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Red and Green Activities

 Intervention 5-10 min/day Client

According to Linley (2008), a strength is “a pre-existing capacity for a particular way of behaving, thinking or feeling that is authentic, energizing to the user, and enables optimal functioning, development and performance” (p. 9). In this definition, perhaps the most important characteristic of strengths is that they are energizing. Activities that rely on our strengths are enjoyable and feel as if our energy levels are being raised. While high performance can be the result of both strengths use and learned behavior, the experience of increased energy most often applies when using character strengths.

Moreover, the perceived amount of energy also provides information on weaknesses. According to Linley, Willars, & Biswas-Diener(2010), “Weaknesses are the things at which you both perform poorly and find de-energizing or draining. When weaknesses are used, they lead to feelings of negativity, disengagement, and lack of motivation” (p. 68). In this exercise, awareness of personal weaknesses and strengths is being increased by analyzing daily activities in terms of the energy levels that the client experiences.

Goal

The goal of this exercise is to increase the client’s awareness of activities that rely on his/her strengths or weaknesses. An advantage of this exercise is that it relies on daily reflection to increase the client’s awareness of strengths and weaknesses. Rather than relying on general post hoc reflections, daily reflection is often more specific and accurate.

Advice

  • To clarify the concept of energy, it is advisable to inform clients that we refer to mental energy here. Activities that allow clients to use their strengths may cause them to become physically tired but psychologically more energized than
  • The current form of exercise requires clients to record activities for one week. However, the client may also decide to spread the reflections over a longer, In any case, it is advisable to use multiple measurements because more measurements will provide more accurate and detailed information.
  • Instead of using pen and paper, clients may also use an electronic device (e.g., a phone or tablet) to record their activities throughout the

Red and Green Activities

Instructions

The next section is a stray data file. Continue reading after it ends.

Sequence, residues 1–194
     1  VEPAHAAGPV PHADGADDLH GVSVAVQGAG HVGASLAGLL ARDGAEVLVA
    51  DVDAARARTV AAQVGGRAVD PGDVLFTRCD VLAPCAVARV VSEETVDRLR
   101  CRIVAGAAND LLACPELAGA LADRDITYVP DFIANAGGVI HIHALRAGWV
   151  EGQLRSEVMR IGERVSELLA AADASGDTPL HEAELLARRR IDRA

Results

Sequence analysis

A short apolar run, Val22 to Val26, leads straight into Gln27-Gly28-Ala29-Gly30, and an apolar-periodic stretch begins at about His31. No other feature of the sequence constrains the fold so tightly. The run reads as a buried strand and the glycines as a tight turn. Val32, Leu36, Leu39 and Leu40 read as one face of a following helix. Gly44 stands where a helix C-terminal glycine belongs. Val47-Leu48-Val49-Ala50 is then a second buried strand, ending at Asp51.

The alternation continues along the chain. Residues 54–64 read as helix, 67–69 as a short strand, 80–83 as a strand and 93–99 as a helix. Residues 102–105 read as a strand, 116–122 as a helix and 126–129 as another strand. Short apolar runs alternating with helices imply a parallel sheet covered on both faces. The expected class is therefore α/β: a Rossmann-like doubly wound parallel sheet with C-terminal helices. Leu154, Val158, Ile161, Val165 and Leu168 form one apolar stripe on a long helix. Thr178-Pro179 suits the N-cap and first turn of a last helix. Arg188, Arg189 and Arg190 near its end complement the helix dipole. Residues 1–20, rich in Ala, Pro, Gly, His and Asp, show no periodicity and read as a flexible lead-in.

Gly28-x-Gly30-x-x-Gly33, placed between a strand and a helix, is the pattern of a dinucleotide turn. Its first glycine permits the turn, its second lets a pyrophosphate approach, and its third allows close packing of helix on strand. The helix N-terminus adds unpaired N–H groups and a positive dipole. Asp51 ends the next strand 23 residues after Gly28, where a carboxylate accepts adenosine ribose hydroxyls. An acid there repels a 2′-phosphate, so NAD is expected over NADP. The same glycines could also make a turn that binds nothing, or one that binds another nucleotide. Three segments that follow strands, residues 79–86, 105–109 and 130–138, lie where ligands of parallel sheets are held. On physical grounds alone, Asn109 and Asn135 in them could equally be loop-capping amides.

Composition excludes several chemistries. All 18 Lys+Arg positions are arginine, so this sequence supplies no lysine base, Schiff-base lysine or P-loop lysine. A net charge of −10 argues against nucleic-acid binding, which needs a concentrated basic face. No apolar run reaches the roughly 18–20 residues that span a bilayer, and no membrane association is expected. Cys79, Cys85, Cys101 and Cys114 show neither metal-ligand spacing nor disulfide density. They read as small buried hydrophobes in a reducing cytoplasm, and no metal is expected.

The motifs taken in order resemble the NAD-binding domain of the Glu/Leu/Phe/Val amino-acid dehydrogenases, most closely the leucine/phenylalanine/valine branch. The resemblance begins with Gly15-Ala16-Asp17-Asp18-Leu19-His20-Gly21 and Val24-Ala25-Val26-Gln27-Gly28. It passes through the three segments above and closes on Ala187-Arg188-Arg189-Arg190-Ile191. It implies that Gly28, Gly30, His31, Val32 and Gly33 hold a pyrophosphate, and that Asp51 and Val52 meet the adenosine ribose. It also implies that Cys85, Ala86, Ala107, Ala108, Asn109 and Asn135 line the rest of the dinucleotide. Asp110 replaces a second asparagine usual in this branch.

A hallmark of strengths is “energy.” When we use our strengths, we feel energized and engaged. Activities that rely on our strengths are enjoyable and feel as if our energy levels are being raised.In contrast, using weaknesses drains us. When we operate from our weaknesses, we feel negativity, disengagement, and lack of motivation. Activities that rely on our weaknesses feel as if our energy levels are being drained.

In this exercise, we call activities that rely on your strengths and provide you energy “green activities.” These are activities that:

  • you genuinely enjoy doing
  • make you feel energized
  • make you forget the time
  • you look forward to
  • you can do well even under conditions of stress or fatigue

Activities that rely on your weaknesses and deplete your energy are referred to as “red activities.” These are activities that:

  • you do not like doing
  • make you feel depleted
  • seem to pass very slowly
  • you don’t look forward to
  • require a lot of effort and self-control to do well

During the upcoming week, record your “green” and “red” moments daily. Use the table in Appendix A. In the first column of this table, provide a brief description of the activity. In addition, indicate energy levels per activity by registering the extent to which the activity at hand enhanced energy or depleted energy. In the second column, put a sign next to each activity toindicate the change in energy level:

—     required a lot of energy

–      required some energy

0      did not require energy but did not give energy either

+     gave me positive energy

++    gave me a lot of positive energy

After completing the reflections, closely examine your answers. Select the five activities that make you feel most energized and use the first column of the table in Appendix B, “My Top 5 Green Activities, “ to list them.

Next, use the second column of the table to indicate what strength(s) you may be using during each activity.

 

Now do the same thing for the 5 activities that depleted your energy. Select the 5 activities that make you feel most depleted and use the first column of Appendix B, “My top 5 Red Activities,“ to list them.

Next, use the second column of the table to indicate, for each activity, which strengths you lack during this activity.

What have you learned from this exercise?

 

 

How can you use your strengths more often?

 

How can you effectively deal with situations that deplete your energy? For instance, you can delegate your energy-drainingareas to someone or reframe those tasks? Alternatively, you may marshal your strengths to help or build your energy ahead of time so that you have the baseline energy you need to get through an energy-draining task.

 

Appendix A: Daily Reflection Form

Date:

Green Activities

Activity                          Energy levels                  Note

 

 

Red Activities

Activity                          Energy levels                  Note

 

 

 

 

Appendix B: My Top 5 Activities – Reflection

 

 

My Top 5 Green Activities

Activities that make me feel most energized:       Strength(s) that I am using during these activities:

 

1.

 

2.

 

3.

 

4.

 

5.

 

 

My Top 5 Red Activities

Activities that make me feel most depleted:         Strength(s) that I am lacking during these activities:

 

1.

 

2.

 

3.

 

4.

 

5.